Can this fruit make youranti-diabetes drugs obsolete?

February 24, 2015
Volume 5    |   Issue 17

One of the best ways to know if a supplement is working for you is if taking the supplement allows you to cut back on drugs that have a similar action. For instance, taking nattokinase will allow you to cut back on aspirin (most can stop taking aspirin completely). In some cases, taking the supplement will force you to cut back on the medication, as taking both at full strength can have harmful effects. If you're diabetic, there's a fruit that's gaining attention for its ability to help many people cut back on their anti-diabetes medications.

The reason this fruit is gaining attention is because of its ability to lower blood sugar. And many doctors have noticed that patients taking glimepiride (Amaryl), glyburide (DiaBeta, Glynase PresTab, Micronase), insulin, metformin (Glucophage), pioglitazone (Actos), rosiglitazone (Avandia), and others need to lower their doses of these drugs when eating the fruit.

The fruit is the Indian gooseberry, also known as amalaki, amla, or the amla berry. It is a small to medium-sized deciduous tree native to India. The Indians like to eat the fruit raw and use it as an ingredient in their cooking. But it also has solid medicinal research behind it.

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In several studies, including animal and in vitro studies, researchers found that the Indian gooseberry inhibits the release of inflammatory cytokines. As you may know, these are a primary cause of insulin resistance. It also lowers blood sugar.

But Indian gooseberry doesn't just fight diabetes from a sugar and insulin angle. It also prevents a lot of the damage diabetes can cause to your cardiovascular system. Diabetics are at a significantly higher risk for atherosclerosis and heart attack than people without diabetes. And Indian gooseberry is very effective at inhibiting atherosclerosis. It does so by alleviating oxidation injury and by inhibiting the damage that oxidized-LDL causes. It also acts much like aspirin and natto, in that it has a strong anti-clotting effect on the blood. All of these go a long way to preventing heart attacks and stroke.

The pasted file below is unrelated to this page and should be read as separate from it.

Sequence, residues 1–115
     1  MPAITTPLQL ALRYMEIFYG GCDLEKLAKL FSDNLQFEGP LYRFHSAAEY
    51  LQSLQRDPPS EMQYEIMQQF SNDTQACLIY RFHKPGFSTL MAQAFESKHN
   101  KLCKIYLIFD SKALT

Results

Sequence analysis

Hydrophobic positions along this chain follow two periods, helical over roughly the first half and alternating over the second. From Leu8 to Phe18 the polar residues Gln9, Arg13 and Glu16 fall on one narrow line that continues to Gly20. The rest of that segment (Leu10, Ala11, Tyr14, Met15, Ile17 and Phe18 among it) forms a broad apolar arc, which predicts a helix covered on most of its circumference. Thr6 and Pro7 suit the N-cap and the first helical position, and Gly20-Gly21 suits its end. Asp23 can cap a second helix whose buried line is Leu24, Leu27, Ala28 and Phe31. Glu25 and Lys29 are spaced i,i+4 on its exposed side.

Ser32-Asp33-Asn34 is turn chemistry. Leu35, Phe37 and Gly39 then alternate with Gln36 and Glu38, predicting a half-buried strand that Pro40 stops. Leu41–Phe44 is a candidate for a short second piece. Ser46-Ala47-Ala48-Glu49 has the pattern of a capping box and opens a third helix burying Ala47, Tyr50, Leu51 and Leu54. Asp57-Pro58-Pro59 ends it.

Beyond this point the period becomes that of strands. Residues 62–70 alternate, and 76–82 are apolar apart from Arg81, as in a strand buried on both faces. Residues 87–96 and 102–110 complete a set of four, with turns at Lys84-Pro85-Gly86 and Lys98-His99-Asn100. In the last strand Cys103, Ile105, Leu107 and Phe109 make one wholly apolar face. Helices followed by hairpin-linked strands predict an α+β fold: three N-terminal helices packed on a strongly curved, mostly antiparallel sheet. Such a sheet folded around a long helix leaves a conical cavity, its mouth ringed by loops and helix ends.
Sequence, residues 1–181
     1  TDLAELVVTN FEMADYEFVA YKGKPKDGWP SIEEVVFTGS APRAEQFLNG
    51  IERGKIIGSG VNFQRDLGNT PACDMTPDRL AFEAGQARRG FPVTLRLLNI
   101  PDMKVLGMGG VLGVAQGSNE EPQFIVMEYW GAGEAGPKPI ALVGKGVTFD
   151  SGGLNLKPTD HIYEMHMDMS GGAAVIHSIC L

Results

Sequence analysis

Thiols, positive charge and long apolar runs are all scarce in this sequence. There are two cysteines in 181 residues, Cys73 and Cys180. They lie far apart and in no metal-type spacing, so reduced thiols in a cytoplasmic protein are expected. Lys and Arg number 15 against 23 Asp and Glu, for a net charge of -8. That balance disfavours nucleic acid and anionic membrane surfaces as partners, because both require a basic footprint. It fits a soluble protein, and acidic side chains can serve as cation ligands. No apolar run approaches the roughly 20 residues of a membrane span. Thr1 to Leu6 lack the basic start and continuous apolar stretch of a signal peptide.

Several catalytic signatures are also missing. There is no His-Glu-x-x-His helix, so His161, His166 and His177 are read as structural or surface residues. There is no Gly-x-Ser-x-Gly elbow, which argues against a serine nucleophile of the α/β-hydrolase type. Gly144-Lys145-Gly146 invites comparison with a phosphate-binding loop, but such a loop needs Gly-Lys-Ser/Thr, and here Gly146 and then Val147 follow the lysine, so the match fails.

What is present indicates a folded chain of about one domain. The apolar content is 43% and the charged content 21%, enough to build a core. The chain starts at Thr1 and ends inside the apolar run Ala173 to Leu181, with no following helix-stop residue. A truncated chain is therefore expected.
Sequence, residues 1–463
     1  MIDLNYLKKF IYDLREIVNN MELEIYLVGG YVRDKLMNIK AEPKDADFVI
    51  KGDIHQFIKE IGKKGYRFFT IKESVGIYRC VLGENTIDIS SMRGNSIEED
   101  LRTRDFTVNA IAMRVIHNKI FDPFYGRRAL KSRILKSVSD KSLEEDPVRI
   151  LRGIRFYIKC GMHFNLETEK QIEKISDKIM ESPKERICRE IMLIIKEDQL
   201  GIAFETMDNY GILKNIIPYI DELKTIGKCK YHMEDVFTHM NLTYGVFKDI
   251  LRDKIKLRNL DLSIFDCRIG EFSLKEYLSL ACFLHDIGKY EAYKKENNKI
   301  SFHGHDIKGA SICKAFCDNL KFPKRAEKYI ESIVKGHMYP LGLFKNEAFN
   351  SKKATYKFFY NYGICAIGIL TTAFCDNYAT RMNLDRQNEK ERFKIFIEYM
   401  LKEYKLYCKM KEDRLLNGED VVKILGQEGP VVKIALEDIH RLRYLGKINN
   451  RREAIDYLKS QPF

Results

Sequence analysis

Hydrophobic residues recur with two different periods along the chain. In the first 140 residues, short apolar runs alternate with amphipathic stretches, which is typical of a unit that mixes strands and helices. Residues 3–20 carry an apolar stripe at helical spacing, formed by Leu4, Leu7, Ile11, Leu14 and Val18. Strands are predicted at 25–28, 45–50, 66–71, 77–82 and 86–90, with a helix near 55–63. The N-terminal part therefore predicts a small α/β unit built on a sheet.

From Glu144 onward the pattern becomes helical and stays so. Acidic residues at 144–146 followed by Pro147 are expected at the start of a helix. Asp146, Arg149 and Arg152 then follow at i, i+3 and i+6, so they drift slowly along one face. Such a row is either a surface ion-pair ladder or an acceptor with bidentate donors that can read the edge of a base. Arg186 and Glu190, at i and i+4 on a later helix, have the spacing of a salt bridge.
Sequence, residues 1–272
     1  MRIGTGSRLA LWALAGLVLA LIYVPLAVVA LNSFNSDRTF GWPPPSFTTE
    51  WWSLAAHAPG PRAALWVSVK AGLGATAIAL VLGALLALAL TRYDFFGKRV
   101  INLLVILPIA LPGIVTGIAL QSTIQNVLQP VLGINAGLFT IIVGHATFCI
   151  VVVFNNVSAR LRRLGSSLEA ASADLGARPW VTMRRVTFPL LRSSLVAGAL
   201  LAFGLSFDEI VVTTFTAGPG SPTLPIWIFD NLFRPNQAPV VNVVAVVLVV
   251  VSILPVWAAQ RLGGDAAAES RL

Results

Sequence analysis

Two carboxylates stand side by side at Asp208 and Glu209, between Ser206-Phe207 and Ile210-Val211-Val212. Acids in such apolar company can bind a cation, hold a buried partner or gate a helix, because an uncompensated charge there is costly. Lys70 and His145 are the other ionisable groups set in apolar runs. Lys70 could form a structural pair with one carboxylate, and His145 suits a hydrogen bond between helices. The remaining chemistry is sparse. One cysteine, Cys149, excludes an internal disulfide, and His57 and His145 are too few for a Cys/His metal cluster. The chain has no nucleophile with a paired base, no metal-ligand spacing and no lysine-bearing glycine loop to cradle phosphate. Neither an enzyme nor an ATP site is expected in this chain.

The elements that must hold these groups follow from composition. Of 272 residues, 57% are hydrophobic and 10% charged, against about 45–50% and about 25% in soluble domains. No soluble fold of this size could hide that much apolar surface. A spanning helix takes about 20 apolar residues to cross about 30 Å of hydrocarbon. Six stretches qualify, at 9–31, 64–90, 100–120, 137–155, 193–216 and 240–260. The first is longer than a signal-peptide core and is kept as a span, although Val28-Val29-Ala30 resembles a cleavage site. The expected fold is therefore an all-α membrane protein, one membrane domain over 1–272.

Unfortunately, not all Indian gooseberry products are made with the same high-quality standards. A study conducted back in 2008 found that a proprietary form of amla called Capros® is far more consistent in its ability to stop oxidative stress and these other diabetic conditions than other brands. The reason is that most companies just pick any Indian gooseberries for their products. But there are many factors that contribute to the nutrient density of a fruit. So the manufacturers of Capros put their Indian gooseberries through a rigorous selection and quality control process. The manufacturer says this helps them “ensure that the essential bioactive components are standardized and delivered at optimal levels."

Fortunately, you can find Capros amla in the new Advanced Bionutritionals' Advanced Blood Sugar Formula. The formula couples Capros amla with many other powerful diabetes-busting nutrients that can help you fight this difficult condition. It might even help you cut back on your diabetes medications. Make sure you talk to your doctor if you take any of the medications I mentioned earlier. Your doctor should be able to monitor your progress with the supplement and begin to wean you off of the medication.

Your insider for better health,

Steve Kroening

Steve Kroening is the editor of Nutrient Insider, a twice-a-week email newsletter that brings you the latest healing breakthroughs from the world of nutrition and dietary supplements. For over 20 years, Steve has worked hand-in-hand with some of the nation's top doctors, including Drs. Robert Rowen, Frank Shallenberger, Nan Fuchs, William Campbell Douglass, and best-selling author James Balch. Steve is the author of the book Practical Guide to Home Remedies. As a health journalist, Steve's articles have appeared in countless magazines, blogs, and websites.


Sabu, M. C. and Kuttan, R. Anti-diabetic activity of medicinal plants and its relationship with their antioxidant property. J Ethnopharmacol. 2002;81(2):155-160.

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